Category Archives: Internet

FIFA vows referee system overhaul – International Football

JOHANNESBURG – From disallowed goals due to phantom penalties (Slovenia-USA) to clear offsides being missed (Argentina-Mexico) to a ball clearing the goal line and not being ruled a score (Germany-England), one of the enduring memories of this World Cup will be refereeing blunders.

The mistakes have been so humiliating, the cries from players, coaches and fans so loud and the global replays so persistent, Read the rest of this entry

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via 2600Hertz

11 Things That (Inexplicably) Continue To Exist

Todays Technological Society

As technology advances, it can be a bit sad to say goodbye to some of the old things.  But there comes a time and place when you have to accept that your powdered wig is no longer cutting it.  Here’s 11 “things” that are refusing to go quietly into the night.  Oh, and I don’t have things like “world hunger” and “child slavery” on here, though certainly those things should not exist, either.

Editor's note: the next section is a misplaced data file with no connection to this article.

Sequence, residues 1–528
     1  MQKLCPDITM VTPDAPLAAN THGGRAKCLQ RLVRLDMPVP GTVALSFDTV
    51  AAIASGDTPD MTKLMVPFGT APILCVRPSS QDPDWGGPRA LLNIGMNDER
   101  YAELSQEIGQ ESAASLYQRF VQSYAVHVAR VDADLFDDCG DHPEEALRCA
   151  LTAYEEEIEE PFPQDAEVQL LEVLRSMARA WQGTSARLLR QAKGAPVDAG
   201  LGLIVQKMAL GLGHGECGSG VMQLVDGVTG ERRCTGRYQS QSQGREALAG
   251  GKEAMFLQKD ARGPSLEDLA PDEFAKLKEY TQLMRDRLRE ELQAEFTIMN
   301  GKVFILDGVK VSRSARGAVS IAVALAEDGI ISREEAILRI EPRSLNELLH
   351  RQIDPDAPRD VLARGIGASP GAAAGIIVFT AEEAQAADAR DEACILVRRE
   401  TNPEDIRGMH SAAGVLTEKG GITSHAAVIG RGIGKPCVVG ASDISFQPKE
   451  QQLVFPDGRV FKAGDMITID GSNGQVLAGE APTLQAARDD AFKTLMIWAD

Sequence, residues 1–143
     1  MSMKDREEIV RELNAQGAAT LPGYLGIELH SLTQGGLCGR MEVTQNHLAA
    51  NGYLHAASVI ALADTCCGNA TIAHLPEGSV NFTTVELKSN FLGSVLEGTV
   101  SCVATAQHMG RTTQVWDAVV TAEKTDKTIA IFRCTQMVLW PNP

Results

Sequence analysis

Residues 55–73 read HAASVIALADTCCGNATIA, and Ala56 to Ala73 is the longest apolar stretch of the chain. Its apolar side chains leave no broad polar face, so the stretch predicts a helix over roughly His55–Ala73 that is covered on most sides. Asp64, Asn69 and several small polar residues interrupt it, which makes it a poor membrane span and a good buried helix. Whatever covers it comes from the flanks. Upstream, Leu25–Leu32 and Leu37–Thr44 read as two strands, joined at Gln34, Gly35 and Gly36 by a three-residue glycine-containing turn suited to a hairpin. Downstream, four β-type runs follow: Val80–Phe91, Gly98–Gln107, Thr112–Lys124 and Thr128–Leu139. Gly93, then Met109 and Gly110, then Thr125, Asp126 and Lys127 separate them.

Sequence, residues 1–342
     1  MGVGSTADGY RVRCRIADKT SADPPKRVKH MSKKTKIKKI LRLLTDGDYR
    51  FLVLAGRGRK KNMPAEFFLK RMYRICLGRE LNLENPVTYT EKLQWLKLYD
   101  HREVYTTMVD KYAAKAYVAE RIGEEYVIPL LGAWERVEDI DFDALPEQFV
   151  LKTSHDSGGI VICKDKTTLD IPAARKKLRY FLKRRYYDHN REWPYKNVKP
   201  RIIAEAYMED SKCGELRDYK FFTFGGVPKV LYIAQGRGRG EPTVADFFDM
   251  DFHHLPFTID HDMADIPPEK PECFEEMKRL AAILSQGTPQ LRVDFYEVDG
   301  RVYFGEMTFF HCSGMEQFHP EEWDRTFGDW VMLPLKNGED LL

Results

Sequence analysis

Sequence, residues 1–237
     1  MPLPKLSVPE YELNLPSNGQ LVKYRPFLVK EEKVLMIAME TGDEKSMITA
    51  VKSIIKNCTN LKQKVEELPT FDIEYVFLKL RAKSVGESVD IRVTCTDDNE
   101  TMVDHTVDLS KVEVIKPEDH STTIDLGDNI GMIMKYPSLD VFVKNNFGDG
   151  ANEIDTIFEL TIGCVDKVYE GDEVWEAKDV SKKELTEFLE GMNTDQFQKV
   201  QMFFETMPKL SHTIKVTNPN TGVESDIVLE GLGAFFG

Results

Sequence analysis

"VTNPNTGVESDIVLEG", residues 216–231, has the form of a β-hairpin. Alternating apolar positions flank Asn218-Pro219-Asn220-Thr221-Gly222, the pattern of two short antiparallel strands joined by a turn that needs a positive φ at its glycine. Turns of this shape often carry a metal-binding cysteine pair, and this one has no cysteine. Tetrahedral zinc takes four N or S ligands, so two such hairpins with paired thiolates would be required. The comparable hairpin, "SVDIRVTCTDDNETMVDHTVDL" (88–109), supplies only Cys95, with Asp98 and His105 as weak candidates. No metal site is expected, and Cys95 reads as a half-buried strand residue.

11) Beepers

Yes, you can still buy these dinosaurs.  Just ask Dennis Duffy (Liz Lemon’s on-again/off-again boyfriend on 30 Rock).  “Technology is cyclical” the so-called Beeper King tells a bemused Liz Lemon.  Umm, good luck with that buddy.  Th Barksdale crew tried using these things in the first season of The Wire, as well.  I personally never understood how the hell beepers worked, despite seeing them in countless movies over the years.  Somebody calls your beeper, which lets you know to go to the nearest phonebooth or whatever and call that person back?  That sounds practical.

10) Phone/Calling Cards